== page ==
So 18 months later I went to a grief counsellor. Lost in the NHS system it took a while to be referred and to be honest I think I was almost there, getting myself back to my “normal” self. Grief is a strange beast and how you deal with it. The loss of my fourth baby and my brother at the same time was a lot. Add to that a breast cancer scare and a so called “friend” do something where you can’t ever get the friendship back, it was just a lot to deal with all in one go. It took me time to get myself back to happy fun loving Fi again.
So after this I always feared that I maybe susceptible to post natal depression, if I were ever lucky enough to get the chance of being a mummy. When I fell pregnant and continued to stay pregnant I alway’s kept myself busy. So I threw myself into my work and decorating our new house. Looking back I was probably subconsciously leaving things just incase it didn’t work out. I had enquired about NCT but then left it too late to do.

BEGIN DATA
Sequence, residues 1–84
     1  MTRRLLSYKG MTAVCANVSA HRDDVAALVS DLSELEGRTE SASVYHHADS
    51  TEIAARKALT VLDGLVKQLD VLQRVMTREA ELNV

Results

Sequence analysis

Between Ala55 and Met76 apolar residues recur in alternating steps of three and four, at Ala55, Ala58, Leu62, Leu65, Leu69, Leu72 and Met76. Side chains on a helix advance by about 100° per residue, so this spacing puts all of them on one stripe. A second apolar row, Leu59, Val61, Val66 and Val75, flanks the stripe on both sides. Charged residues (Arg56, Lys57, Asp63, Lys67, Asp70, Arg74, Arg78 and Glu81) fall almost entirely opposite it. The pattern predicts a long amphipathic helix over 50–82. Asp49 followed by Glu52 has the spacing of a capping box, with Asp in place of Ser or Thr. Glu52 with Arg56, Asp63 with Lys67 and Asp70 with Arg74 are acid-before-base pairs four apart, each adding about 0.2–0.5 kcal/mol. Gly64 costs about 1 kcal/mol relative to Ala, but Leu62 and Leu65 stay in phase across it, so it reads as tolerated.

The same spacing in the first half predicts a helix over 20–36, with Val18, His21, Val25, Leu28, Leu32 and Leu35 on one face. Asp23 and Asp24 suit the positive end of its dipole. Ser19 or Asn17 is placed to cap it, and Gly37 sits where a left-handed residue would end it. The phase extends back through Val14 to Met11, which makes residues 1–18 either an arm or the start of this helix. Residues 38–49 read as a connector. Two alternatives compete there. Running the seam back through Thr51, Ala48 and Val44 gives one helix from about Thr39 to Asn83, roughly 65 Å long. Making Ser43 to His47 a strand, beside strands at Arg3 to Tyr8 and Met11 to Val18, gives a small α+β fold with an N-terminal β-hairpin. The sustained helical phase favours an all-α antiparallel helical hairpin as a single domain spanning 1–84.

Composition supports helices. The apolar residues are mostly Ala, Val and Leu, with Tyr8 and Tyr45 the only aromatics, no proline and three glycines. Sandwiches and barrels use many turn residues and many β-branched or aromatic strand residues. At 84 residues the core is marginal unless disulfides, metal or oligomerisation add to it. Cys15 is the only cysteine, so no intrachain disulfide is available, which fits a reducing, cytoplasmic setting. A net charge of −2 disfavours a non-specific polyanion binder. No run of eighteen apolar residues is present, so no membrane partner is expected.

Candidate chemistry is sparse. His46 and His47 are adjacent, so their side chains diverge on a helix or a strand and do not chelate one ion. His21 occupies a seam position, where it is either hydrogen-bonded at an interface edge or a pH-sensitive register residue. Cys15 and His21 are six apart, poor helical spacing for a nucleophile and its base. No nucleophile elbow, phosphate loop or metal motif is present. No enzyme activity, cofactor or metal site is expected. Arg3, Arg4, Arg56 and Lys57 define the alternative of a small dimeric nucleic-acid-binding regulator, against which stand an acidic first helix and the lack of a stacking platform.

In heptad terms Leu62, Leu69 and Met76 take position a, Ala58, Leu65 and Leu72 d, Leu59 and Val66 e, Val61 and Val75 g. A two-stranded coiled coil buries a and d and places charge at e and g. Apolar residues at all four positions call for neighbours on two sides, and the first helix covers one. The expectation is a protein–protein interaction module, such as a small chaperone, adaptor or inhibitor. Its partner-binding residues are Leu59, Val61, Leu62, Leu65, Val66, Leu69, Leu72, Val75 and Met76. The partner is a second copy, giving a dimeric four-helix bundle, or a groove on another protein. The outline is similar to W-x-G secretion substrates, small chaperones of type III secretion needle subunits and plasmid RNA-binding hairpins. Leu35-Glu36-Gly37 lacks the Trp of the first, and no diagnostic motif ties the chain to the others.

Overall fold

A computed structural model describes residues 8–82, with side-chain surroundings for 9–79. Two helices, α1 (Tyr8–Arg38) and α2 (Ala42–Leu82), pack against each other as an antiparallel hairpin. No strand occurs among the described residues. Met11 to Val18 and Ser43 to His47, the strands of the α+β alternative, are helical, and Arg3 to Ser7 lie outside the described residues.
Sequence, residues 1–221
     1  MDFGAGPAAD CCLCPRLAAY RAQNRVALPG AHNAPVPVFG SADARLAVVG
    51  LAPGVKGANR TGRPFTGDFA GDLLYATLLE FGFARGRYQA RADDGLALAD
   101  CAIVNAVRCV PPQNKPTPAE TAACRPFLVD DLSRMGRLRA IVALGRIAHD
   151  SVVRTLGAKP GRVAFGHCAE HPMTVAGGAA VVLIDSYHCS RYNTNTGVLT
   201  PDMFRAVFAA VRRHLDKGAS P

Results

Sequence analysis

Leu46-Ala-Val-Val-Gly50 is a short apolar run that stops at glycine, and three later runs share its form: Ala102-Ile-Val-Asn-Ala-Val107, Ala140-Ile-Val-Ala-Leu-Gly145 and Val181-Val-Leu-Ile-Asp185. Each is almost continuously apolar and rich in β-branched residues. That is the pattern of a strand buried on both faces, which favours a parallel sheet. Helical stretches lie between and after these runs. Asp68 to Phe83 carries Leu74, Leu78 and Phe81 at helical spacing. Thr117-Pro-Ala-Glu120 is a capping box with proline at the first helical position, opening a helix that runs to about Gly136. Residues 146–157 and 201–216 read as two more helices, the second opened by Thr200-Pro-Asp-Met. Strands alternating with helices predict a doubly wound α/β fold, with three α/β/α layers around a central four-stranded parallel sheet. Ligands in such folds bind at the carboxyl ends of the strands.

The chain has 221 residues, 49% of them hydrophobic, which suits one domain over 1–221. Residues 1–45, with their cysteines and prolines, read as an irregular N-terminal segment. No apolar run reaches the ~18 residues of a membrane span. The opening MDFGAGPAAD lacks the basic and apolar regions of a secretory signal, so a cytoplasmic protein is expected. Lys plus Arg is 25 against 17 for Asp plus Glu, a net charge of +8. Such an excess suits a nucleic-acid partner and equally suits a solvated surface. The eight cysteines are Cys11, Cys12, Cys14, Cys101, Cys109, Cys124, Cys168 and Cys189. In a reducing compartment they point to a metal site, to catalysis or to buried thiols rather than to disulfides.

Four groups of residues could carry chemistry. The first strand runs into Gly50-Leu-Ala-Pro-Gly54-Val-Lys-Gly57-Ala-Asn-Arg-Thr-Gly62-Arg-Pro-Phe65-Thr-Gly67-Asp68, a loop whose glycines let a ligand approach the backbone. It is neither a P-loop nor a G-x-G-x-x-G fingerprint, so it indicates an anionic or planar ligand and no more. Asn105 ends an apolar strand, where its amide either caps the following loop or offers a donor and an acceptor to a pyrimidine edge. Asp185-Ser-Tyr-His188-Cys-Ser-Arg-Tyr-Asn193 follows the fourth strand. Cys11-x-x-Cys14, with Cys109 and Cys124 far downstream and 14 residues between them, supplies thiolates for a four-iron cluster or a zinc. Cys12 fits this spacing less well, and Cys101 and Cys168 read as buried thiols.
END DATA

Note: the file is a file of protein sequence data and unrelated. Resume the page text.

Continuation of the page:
Thankfully I had signed up for pregnancy yoga. I’d had a lovey chat with the teacher in the village and I decided to go. Previously I had signed up to classes with my pregnancies but then lost the baby so I was always a little cautious about doing anything too soon incase i jinxed the pregnancy. I can remember feeling really nervous about going to that first class, ridiculous really now in hindsight.
Bec our yoga teacher paired me up with another newbie called Karen and we hit it off from the start. As it transpired Karen was moving to the village so that was one new mum I would know! Weeks of yoga and getting to slowly know Karen and then Dee who also went to yoga, friendships slowly started to form. Both girls did our local NCT course (the one I was supposed to do!) and met other girls there and our little gang was formed.